The "mirror test" was invented about 40 years ago as a means to determine whether or not a creature possesses self-awareness. The test is simplicity itself: A chimpanzee, say, is kept in a cage, which has a mirror. While the animal is asleep, a researcher daubs a spot of color on its forehead and then watches what happens when the chimp wakes up and sees its reflection in the mirror. If it tries to wipe the color off, the animal obviously recognizes itself, and must therefore be self-aware.
Animals that generally, but not always, pass the mirror test include the great apes: bonobos, chimpanzees, orangutans and gorillas; bottlenose dolphins and orcas; elephants; and European magpies. Human babies begin to pass the test at around 18 months or 2 years. Such supposedly smart creatures as dogs and cats routinely fail the test, however.
Recently, the sublime obviousness of the mirror test -- what could be simpler, a creature either does or doesn't exhibit self-awareness by touching its spot? -- has come in for criticism, and researchers are now questioning previous findings. Turns out, the issue of self-awareness is more subtle and nuanced than was previously thought.
For instance, while most kids in Western societies point to their spot or try to erase it by the time they're 2 years old, young children in such countries as Fiji and Kenya routinely fail to do so. When researcher Tanya Broesch from Emory University administered the test to 82 Kenyan children up to age 6, only two passed, while the majority stood in front of the mirror looking uncomfortable. Broesch attributes their "frozen" behavior not to a lack of self-awareness (she maintains they're plenty aware) but rather to their unfamiliarity with mirrors (in the U.S., for instance, kids are surrounded by mirrors from babyhood!) and perhaps to their awkwardness at having spots on their faces. In other words, the mirror test (like many other Western tests, such as the IQ test) is culturally biased.
Meanwhile, researchers applied color to the foreheads of three elephants at a sanctuary in Thailand, and watched what happened when they looked in a mirror. These are highly self-aware animals, as shown by such behavior as displays of altruism and empathy. However, only one of the elephants in the study kept touching its mark, while the other two ignored theirs. Perhaps elephants don't care as much about strange marks on their bodies. After all, they're not "groomers" like primates, and are more used to putting mud and dirt on their bodies, rather than removing the odd spot.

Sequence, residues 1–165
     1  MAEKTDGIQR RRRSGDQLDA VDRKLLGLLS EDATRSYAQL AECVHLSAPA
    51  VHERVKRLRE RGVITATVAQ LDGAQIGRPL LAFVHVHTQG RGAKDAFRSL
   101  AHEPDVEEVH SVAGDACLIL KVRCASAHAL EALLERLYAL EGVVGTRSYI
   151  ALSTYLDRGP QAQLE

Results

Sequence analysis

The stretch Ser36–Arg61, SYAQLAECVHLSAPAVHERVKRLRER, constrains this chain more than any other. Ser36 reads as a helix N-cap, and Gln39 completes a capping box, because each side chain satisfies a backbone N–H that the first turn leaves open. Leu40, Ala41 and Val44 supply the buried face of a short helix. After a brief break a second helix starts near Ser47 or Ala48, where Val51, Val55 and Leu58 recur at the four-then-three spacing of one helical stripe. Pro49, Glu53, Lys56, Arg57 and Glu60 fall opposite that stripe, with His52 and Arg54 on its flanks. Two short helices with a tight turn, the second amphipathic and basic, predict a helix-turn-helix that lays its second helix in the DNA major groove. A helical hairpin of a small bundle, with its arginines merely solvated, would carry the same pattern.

Even dogs' apparent lack of self-awareness, as shown by the mirror test, is now being questioned. Dogs are not particularly visual creatures, relying much more on their sense of smell. Maybe their reaction to the test -- simply ignoring marks on their foreheads -- says more about our human bias towards the sense of sight. Also, not all gorillas pass the test, but the ones who fail may simply be uncomfortable with giving themselves eye contact in front of a mirror, since prolonged eye contact in their hierarchical society can lead to conflict.
Perhaps we're posing the wrong question. Rather than ask, "Is this creature self-aware?" we should be asking, "How self-aware is it?" The concept of self-awareness is a human notion that can't be directly measured. Maybe the mirror test tells us more about ourselves and our desire for simple answers to hard questions, instead of offering any hard and fast rules about the natural world.
Barry Evans (firstname.lastname@example.org) can readily empathize with the discomfort of fellow creatures while looking in a mirror.